The Carmina of Caius Valerius Catullus, by Catullus

xxxvii.

Salax taberna vosque contubernales,

A pileatis nona fratribus pila,

Solis putatis esse mentulas vobis,

Solis licere, quidquid est puellarum,

Confutuere et putare ceteros hircos? 5

An, continenter quod sedetis insulsi

Centum an ducenti, non putatis ausurum

Me una ducentos inrumare sessores?

Atqui putate: namque totius vobis

Frontem tabernae scorpionibus scribam. 10

Puella nam mi, quae meo sinu fugit,

Amata tantum quantum amabitur nulla,

Pro qua mihi sunt magna bella pugnata,

Consedit istic. hanc boni beatique

Omnes amatis, et quidem, quod indignumst, 15

Omnes pusilli et semitarii moechi;

Tu praeter omnes une de capillatis,

Cuniculosae Celtiberiae fili

Egnati, opaca quem bonum facit barba

Et dens Hibera defricatus urina. 20

xxxvii.

To the Frequenters of a Low Tavern.

Salacious Tavern and ye taverner-host,

From Pileate Brothers the ninth pile-post,

D’ye claim, you only of the mentule boast,

D’ye claim alone what damsels be the best

To swive: as he-goats holding all the rest? 5

Is’t when like boobies sit ye incontinent here,

One or two hundred, deem ye that I fear

Two hundred —— at one brunt?

Ay, think so, natheless all your tavern-front

With many a scorpion I will over-write. 10

For that my damsel, fro’ my breast took flight,

By me so lovèd, as shall loved be none,

Wherefor so mighty wars were waged and won,

Does sit in public here. Ye fain, rich wights,

All woo her: thither too (the chief of slights!) 15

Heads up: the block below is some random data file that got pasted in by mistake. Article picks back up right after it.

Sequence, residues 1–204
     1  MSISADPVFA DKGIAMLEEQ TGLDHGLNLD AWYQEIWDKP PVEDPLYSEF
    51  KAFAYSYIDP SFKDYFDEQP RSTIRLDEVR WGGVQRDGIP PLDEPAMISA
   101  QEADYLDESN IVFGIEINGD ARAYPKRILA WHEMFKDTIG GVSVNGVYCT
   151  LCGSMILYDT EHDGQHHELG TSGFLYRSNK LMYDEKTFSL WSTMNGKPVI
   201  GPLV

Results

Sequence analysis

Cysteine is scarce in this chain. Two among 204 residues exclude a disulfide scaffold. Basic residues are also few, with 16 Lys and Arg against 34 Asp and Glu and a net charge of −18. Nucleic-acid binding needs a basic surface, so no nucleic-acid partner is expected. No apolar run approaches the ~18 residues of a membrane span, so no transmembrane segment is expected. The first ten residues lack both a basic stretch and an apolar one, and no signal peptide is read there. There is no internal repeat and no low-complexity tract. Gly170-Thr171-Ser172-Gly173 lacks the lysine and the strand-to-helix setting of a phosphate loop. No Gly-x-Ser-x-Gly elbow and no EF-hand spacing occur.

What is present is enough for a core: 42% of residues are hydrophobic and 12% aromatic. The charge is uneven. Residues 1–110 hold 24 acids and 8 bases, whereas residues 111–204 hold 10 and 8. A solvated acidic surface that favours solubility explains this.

All pitiful knaves and by-street wenchers fare,

And thou, (than any worse), with hanging hair,

In coney-breeding Celtiberia bred,

Egnatius! bonnified by beard full-fed,

And teeth with Spanish urine polishèd. 20

Tavern of lust and you its tippling crowd, (at ninth pile sign-post from the Cap-donned Brothers) think ye that ye alone have mentules, that ’tis allowed to you alone to touzle whatever may be feminine, and to deem all other men mere goats? But, because ye sit, a row of fools numbering one hundred or haply two hundred, do ye think I dare not irrumate your entire two hundred — loungers! — at once! Think it! but I’ll scrawl all over the front of your tavern with scorpion-words. For my girl, who has fled from my embrace (she whom I loved as ne’er a maid shall be beloved — for whom I fought fierce fights) has seated herself here. All ye, both honest men and rich, and also, (O cursed shame) all ye paltry back-slum fornicators, are making hot love to her; and thou above all, one of the hairy-visaged sons of coney-caverned Celtiberia, Egnatius, whose quality is stamped by dense-grown beard, and teeth with Spanish urine scrubbed.

http://ebooks.adelaide.edu.au/c/catullus/carmina/poem37.html

Last updated Saturday, March 1, 2014 at 20:37